RV.Net Open Roads Forum: a plea for more cool weather sites for migratory travelers

RV Blog

  |  

RV Sales

  |  

Campgrounds

  |  

RV Parks

  |  

RV Club

  |  

RV Buyers Guide

  |  

Roadside Assistance

  |  

Extended Service Plan

  |  

RV Travel Assistance

  |  

RV Credit Card

  |  

RV Loans

Open Roads Forum Already a member? Login here.   If not, Register Today!  |  Help

Newest  |  Active  |  Popular  |  RVing FAQ Forum Rules  |  Forum Posting Help and Support  |  Contact  

Search:   Advanced Search

Search only in General RVing Issues

Open Roads Forum  >  General RVing Issues

 > a plea for more cool weather sites for migratory travelers

Reply to Topic  |  Subscribe  |  Print Topic  |  Post New Topic  | 
Page of 5  
Next
Sponsored By:
JimJohnson

Texas Hill Country

New Member

Joined: 05/12/2018

View Profile


Offline
Posted: 09/15/22 08:46am Link  |  Quote  |  Print  |  Notify Moderator

We live in Michigan's Upper Peninsula - beautiful place to be between June through October, but unless you are a winter enthusiast (or deer hunter), not the nicest RV destination between November and early May.

We have essentially permanent reservations at a Texas Hill Country RV park during those less than ideal times. The problem is GETTING to our destination in the fall and the return in the spring.

Semi-annually it is a battle to find campgrounds from roughly northern Kansas northward. We are migrating, need one-night stays, and apparently so are a lot of other RV owners. The winter migration season runs from late October through the end of year holidays (many retired RVers want to do Christmas with family before leaving).

I get it, campgrounds want to turn off the water before freeze conditions happen, and leave it off until assured freeze conditions are over. But is it necessary to fully close the entire park? Many times my most crucial need is a parking spot for the night with electric power. That last part eliminates Walmarts, casinos, etc. for overnight parking.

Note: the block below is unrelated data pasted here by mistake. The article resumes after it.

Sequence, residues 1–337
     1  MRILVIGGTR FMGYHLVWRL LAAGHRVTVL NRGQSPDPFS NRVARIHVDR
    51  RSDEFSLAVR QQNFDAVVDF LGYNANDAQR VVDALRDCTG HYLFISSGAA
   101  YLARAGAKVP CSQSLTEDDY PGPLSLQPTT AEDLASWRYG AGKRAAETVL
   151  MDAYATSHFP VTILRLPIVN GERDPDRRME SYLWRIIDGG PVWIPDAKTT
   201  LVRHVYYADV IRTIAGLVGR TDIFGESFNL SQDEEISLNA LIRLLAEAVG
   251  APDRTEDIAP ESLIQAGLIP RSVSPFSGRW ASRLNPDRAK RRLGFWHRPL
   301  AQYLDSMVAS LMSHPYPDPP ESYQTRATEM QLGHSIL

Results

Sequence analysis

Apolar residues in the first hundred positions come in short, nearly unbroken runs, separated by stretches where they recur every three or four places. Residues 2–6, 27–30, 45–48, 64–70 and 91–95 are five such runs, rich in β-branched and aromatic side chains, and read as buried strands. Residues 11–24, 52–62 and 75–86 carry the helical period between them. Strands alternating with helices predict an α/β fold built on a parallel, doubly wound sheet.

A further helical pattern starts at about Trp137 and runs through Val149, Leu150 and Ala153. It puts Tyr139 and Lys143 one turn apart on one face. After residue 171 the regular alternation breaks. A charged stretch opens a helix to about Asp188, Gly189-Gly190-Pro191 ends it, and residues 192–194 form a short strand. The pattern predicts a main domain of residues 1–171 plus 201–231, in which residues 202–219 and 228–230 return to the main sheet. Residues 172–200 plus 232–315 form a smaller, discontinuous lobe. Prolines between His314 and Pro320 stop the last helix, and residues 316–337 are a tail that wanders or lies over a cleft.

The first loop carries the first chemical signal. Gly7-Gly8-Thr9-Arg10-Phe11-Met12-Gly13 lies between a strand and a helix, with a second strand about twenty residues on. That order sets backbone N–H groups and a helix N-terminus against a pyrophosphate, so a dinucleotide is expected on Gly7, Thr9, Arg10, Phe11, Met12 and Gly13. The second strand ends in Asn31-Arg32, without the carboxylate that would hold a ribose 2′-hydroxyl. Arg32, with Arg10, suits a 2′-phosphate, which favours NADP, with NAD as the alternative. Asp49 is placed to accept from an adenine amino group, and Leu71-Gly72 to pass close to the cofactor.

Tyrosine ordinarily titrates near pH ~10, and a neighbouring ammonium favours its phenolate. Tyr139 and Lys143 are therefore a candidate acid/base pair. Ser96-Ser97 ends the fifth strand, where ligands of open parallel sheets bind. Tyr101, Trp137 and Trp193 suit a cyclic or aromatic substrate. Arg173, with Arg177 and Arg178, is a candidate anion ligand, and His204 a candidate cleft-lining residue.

To northern tier private campground owners- if you live at or near your campground, I know you won't fill your campground in the migratory seasons, but could you consider a modification to your policies and website announcing limited sites and amenities. It will add a bit more revenue for little more expense. We migratory season RVers tend to be experienced and reasonable travelers.

CA Traveler

The Western States

Senior Member

Joined: 01/03/2004

View Profile


Offline
Posted: 09/15/22 09:11am Link  |  Quote  |  Print  |  Notify Moderator

Not my concern, however it could be a relative large expense for employees and maintenance for few RVers. But it could work out for some CGs as you suggest.

Do you have an all electric RV? Many RVs with propane can stop overnight w/o electric in spite of poor RV insulation. But personally I don't like to run anything that produces CO while I'm sleeping. And consider limited RV repair options etc. during cold seasons. Others might just leave the RV in FL or TX.


2009 Holiday Rambler 42' Scepter with ISL 400 Cummins
750 Watts Solar Morningstar MPPT 60 Controller
2014 Grand Cherokee Overland

Bob


Michelle.S

Western NY till fall, then Sebring, FL

Senior Member

Joined: 01/11/2011

View Profile





Offline
Posted: 09/15/22 09:19am Link  |  Quote  |  Print  |  Notify Moderator

That's the reason we're leaving our Home Base in Western New York Monday and working our way South by way of Nashville this year, and we won't head North in the Spring until the end of May. We're in no hurry, so we now spend at least 2 days at each stopover instead of single nights.


2018 Chevy 3500HD High Country Crew Cab DRW, D/A, 2016 Redwood 39MB, Dual AC, Fireplace, Sleep #Bed, Auto Sat Dish, Stack Washer/Dryer, Auto Level Sys, Disk Brakes, Onan Gen, 17.5" "H" tires, MORryde Pin & IS, Comfort Ride, Dual Awnings, Full Body Paint

JimJohnson

Texas Hill Country

New Member

Joined: 05/12/2018

View Profile


Offline
Posted: 09/15/22 09:50am Link  |  Quote  |  Print  |  Notify Moderator

CA Traveler wrote:

Many RVs with propane can stop overnight w/o electric in spite of poor RV insulation... Others might just leave the RV in FL or TX.


Propane furnaces offen draw a lot of 12v power for both the ignition system and the fan. I am leery about waking up in the middle of the night to find we have a dead house battery. Plus when on electric the refrigerator will shift from propane to that power source.

Funny you should mention leaving the full-size RV trailer in the warmer climate - that is exactly what we do. However, hotels were always a pain when travelling with a dog and two cats, and have become even more difficult to find and reserve. We tow a 21' self-contained camper as a 'rolling hotel room' between the two destinations. Further, we use the camper for 'weekend trips' at both north and south locations.

opnspaces

San Diego Ca

Senior Member

Joined: 12/22/2004

View Profile


Offline
Posted: 09/15/22 10:02am Link  |  Quote  |  Print  |  Notify Moderator

I can see the concern of a dead battery in the morning with the furnace running all night. If you're concerned that it might happen you could always add a second battery even if it's just sitting on the ground connected with jumper cables.